In the contemporary jazz firmament, do stars get bigger than Rick Braun, Kirk Whalum and Norman Brown?  And in the rock and pop world, do stars get bigger than Michael Jackson?  Is it really 11 years since “Groovin’”?

If you’re going to make a tribute to the King of Pop, it better be funky right off the bat – and it is!  “Another Part of Me” has an irrestible groove and some killer horn work.  That groove still leaves space for solos and the guys all weigh in with some short, sweet spots that give a great taster of what’s to come.  No way was “Billie Jean” going to be left off this playlist and the dancefloor rumble is replaced with a crisp rhythm that again allows some nice blowing and horn ensemble work.  Loving the flute touches that creep in here.  Norman Brown scats gorgeously on this song.  The instant I first heard him in 1994, I loved his sound – nothing’s changed.

Muted trumpet and brushes are absolutely the way to introduce the scintillating title track.  Sheléa’s lead vocal winds effortlessly around the classiest of musical backings.   Liberties are taken with some chord progressions and I love it.  A great song like this has a number of building blocks which talented guys like this can move around to suit themselves while remaining true to the original vibe.  It sounds like the Police are playing funk when you hear the reggae skip of “Beat It”.  This is done with such panache and wit that you’ll smile, I hope, just as much as I’m doing as I type this.  You won’t hear Eddie Van Halen but Mr. Brown burns more on this number than you’re maybe used to. 

Talking of burning, play some blues Norman!!  “Who’s Lovin’ You” from the Jackson Five era is treated to the smokiest, grittiest reverence you can imagine.  That muted trumpet dumps you in the Deep South and leaves you there.  Good Lord – I can only envy those lucky fans who will soon be hearing this live.  It’s deep!  Here’s the truth – I never much cared for the original version of “She’s Out of My Life”.  But then, I’d never heard Kirk Whalum’s sax almost crying on the melody.  I get so sick of instant musical gratification and crash-bang-whallop, and to enjoy its absolute antithesis is a treat for yours truly.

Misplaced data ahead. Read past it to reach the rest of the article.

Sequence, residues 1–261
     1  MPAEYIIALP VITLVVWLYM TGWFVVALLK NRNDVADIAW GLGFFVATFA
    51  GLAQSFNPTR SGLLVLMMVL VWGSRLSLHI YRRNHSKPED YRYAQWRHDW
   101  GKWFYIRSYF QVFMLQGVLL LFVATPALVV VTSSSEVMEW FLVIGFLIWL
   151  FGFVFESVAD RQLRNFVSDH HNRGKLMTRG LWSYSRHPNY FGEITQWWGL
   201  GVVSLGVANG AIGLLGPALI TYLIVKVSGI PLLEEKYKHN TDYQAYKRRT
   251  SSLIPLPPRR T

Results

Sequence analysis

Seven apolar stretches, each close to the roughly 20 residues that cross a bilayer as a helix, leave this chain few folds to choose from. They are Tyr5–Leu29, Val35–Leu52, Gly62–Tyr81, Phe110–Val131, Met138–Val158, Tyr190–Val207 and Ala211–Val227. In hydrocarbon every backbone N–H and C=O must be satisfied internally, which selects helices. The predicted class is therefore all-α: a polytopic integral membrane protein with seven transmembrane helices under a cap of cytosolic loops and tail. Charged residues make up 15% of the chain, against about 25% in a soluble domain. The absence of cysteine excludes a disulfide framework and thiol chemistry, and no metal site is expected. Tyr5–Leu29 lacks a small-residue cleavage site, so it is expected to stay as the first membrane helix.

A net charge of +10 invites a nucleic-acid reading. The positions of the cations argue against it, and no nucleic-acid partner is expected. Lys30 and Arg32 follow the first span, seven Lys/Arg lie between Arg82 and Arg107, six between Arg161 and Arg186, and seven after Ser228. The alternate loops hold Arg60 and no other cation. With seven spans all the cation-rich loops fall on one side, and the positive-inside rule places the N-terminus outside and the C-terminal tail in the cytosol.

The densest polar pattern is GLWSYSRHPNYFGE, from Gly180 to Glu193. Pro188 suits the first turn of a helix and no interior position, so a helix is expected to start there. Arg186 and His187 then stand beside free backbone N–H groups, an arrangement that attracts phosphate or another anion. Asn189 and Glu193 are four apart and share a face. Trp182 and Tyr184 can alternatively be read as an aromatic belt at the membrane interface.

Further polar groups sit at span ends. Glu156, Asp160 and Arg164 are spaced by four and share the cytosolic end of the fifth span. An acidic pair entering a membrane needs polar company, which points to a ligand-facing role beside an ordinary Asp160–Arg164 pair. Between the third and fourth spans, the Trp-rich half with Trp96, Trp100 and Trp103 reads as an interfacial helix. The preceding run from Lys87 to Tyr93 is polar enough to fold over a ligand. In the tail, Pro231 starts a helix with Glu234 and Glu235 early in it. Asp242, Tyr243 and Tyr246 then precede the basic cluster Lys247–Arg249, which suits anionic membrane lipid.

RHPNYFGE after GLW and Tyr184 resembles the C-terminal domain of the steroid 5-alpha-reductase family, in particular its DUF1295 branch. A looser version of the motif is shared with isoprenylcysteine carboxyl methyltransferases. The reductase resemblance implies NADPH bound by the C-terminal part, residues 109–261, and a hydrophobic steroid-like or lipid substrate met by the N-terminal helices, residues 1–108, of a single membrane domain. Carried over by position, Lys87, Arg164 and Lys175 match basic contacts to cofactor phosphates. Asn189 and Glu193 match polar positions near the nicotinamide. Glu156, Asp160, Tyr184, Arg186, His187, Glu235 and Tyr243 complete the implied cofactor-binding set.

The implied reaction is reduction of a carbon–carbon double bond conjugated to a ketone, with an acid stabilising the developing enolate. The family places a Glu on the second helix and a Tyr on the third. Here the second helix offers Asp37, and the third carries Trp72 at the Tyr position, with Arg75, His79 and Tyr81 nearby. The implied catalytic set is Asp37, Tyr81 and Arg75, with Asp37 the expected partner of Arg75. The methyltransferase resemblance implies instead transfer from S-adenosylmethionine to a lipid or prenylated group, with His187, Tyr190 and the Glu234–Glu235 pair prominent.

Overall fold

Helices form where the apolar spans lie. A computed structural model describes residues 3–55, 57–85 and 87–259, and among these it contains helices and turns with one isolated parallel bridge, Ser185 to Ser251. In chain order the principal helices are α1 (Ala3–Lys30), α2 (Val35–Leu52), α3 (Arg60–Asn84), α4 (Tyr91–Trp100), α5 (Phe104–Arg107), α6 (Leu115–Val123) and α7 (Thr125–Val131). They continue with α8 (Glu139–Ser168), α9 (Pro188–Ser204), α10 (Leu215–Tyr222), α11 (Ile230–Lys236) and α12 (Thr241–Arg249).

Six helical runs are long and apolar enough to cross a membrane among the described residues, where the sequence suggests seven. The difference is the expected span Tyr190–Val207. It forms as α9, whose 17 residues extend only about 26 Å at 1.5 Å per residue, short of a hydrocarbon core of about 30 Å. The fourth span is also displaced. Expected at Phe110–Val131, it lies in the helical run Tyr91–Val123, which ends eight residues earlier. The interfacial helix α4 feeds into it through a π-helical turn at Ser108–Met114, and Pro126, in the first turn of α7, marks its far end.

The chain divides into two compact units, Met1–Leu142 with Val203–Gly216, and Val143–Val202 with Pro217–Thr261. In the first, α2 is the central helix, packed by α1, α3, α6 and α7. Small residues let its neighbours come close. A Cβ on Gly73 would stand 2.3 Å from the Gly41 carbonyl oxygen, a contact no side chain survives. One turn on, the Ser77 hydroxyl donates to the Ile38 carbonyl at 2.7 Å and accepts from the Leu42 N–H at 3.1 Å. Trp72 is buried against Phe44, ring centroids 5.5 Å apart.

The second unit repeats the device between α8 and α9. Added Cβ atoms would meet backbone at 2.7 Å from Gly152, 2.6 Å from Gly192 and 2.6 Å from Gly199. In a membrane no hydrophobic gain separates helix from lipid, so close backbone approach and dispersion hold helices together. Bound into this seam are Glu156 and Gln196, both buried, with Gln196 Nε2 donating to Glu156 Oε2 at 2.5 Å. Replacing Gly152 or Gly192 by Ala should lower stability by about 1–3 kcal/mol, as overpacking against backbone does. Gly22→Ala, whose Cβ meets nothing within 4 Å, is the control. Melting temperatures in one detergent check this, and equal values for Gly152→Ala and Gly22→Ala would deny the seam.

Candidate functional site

I’ve never DJ’d and had an empty floor when I play “Shake Your Body (Down to the Ground)”.  If I played this sexy Latin version, it would be no different.  It’s got the pizzazz of a Gloria Estefan show, but it has the jazz chops of Norman Brown to enjoy, some great piano – and strings, oh yes strings.  Play this as loud as you dare!  Solidly in contemporary jazz territory (yep, I’m never going to say “smooth jazz” in a review again) is the swinging “The Way you Make Me Feel”.  By now, the ridiculous ease with which these three guys trade lead lines and solos is apparent.  I’m smiling. 

Fans of jazz will love the dreamy “I Can’t Help It”.  If this were the last song I danced to in a club one night, I’d be happy and the song would echo round my head for days…  The doubled trumpet and flute lines caress you and the sax and guitar solos step in to tell their part of the story.  Lovely stereo mix through headphones – it shows someone cares.  I never miss a chance to shout out to the late, great Willie Hutch and “I’ll be There” is one of his greatest pieces of songwriting.  This moving tribute honours the melody and retains the optimism of this timeless song intact.  I’ve always been able to relate to and enjoy “Man in the Mirror” and with the gospel undertones that this version has, I find it particularly moving. 

How do I sum up an album like this?  And, do I really need to?  Great songs.  Great artists on superb form.  Great production.  How lucky we are to have music like this!



Heads Up International - HUI-34356-02   Produced by BWB with Dave Rideau and John Stoddart